Quote Originally Posted by Old John View Post
    IMG_0940.jpg

    A year ago I accepted an invite from Mudbuddy to go over to his place and look at his green house and his garden ...
    I came home and built a little green house to grow cucumbers and tomatoes, and I began buying lumber and making garden beds copied off of his sizes and shapes. Converting my old fashioned methods into his style. The raised gardens increased my yield quite a bit. The one foot higher beds make it a little easier for an old man to bend over to pull weeds too.! the raised beds make it easier to cut a strip of visqueen and staple it to the side boards, giving the advantage of creating warmer soil for the plants to grow quicker.

  13. #13
    Member AK Troutbum's Avatar
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    Quote Originally Posted by mudbuddy View Post
    You also have to hand pollenate them. If no pollenated, the small zucs rot. No bees to do the work.
    Small paintbrush, get pollen from a male bloom & put it on the female bloom. (& hope she smiles )
    Okay, as much as I hate to do it, I have to ask, how do you tell the males from the females? Or do you just take the paint brush and go a couple times around all the flowers?

  14. #14
    Member mudbuddy's Avatar
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    Female blooms are on the end of a small zucchini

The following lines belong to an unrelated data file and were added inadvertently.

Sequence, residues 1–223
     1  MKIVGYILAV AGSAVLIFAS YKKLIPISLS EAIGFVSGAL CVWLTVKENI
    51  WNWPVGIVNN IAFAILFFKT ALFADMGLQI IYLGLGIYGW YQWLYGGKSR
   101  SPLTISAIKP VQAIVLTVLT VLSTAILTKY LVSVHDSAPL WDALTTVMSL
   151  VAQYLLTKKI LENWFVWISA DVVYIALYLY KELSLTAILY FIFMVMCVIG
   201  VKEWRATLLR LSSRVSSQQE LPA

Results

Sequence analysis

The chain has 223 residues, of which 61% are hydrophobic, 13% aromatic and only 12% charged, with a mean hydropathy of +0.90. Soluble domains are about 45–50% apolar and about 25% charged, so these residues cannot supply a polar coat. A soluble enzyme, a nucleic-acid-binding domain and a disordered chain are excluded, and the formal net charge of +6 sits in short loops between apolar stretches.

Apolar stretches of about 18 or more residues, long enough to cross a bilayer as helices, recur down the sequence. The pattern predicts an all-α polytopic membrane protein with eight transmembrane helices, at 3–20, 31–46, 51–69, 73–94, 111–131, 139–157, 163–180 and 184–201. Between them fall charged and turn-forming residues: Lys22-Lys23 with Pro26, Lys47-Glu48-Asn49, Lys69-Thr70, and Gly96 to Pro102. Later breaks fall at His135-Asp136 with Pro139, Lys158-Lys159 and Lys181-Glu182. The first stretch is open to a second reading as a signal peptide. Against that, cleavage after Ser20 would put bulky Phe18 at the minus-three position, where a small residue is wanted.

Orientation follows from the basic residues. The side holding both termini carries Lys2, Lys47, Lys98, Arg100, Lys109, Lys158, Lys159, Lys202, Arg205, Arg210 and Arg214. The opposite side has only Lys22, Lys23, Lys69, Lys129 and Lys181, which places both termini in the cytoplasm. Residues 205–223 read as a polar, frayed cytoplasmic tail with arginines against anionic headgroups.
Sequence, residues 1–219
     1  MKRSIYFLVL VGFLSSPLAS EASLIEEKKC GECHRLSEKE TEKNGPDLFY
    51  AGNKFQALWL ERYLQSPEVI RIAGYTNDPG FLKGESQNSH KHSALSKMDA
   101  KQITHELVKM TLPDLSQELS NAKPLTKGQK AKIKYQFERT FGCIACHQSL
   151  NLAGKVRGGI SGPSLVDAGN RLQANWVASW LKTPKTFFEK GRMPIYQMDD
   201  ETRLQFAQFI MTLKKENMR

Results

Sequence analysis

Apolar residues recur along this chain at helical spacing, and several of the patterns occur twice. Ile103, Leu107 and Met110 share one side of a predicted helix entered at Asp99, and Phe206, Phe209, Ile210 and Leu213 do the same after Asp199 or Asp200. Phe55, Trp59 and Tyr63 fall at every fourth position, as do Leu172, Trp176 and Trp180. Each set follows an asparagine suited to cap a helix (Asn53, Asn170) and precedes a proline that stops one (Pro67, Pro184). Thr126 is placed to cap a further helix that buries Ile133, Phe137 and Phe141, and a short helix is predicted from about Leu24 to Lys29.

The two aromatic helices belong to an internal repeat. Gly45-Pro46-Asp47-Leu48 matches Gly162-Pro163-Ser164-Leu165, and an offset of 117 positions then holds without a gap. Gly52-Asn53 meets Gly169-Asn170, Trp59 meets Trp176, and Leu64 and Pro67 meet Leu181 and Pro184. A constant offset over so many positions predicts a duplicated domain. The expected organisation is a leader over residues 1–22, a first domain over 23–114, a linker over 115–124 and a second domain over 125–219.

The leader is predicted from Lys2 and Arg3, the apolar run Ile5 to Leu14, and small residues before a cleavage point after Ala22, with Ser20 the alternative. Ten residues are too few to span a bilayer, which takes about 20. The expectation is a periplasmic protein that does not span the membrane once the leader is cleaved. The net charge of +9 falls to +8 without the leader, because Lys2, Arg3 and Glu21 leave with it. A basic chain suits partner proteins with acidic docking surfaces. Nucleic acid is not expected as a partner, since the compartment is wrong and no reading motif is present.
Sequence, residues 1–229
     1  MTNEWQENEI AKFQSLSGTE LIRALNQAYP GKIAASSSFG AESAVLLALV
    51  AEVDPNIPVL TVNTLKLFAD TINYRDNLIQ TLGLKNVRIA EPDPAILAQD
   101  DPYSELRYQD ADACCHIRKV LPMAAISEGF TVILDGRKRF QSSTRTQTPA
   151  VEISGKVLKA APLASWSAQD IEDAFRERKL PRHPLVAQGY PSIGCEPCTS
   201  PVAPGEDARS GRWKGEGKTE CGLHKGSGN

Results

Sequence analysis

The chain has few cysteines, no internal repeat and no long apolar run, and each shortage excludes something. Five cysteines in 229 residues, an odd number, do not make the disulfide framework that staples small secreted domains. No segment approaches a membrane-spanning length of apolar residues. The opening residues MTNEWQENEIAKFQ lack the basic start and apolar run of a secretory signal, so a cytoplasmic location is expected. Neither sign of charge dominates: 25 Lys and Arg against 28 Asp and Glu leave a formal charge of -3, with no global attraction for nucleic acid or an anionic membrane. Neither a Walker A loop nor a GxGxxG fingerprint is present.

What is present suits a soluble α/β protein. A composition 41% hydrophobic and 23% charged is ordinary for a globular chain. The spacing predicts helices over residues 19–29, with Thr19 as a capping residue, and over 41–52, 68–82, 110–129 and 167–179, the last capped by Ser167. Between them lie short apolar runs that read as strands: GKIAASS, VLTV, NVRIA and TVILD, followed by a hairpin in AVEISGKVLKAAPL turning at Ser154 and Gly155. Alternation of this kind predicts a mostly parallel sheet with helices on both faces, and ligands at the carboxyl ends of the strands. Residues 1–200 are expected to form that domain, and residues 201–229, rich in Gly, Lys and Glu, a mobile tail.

Male blooms are just blooms on a stalk.
    Get pollen on the brush from the male (anther), easy to see also, bright yellow.
    Brush the pollen on the stigma nodes in the center of the female flower.

    (same for cucumbers in the GH unless you grow the hybrid types that don't require pollenating usually seedless, like "Sweet success" , Walmart had some )

    A dry or sunny day procedure.

    1st pic Female ........... 2nd pic Male
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    Member mudbuddy's Avatar
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    A thread from a while back about pollenating:
    http://forums.outdoorsdirectory.com/...l=1#post960960

  16. #16
    Member AK Troutbum's Avatar
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    I have another question for you mud. How did you get your tires turned inside out? I worked on mine for about 5 min. then said "the hell with it". I just figured that they're in the back yard, and we have no neighbors behind us so it's only me looking at the tread pattern. I have to admit though, being a bit anal retentive, it bugs me looking at the tread, and feeling defeated because I couldn't get them reversed.

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    Member big_dog60's Avatar
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    Wow I guess I am way behind. I only have like 10% planted right now.

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    Member mudbuddy's Avatar
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    Default Invert tires

    Cut out on side wall.
    stand on it to get it started & then roll it inside out.
    The more you do, the easier it gets, I fought the first few & now it just seems easy.
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  19. #19
    Member mudbuddy's Avatar
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    Default invert tires

    push the un-rolled part toward the middle & finish inverting .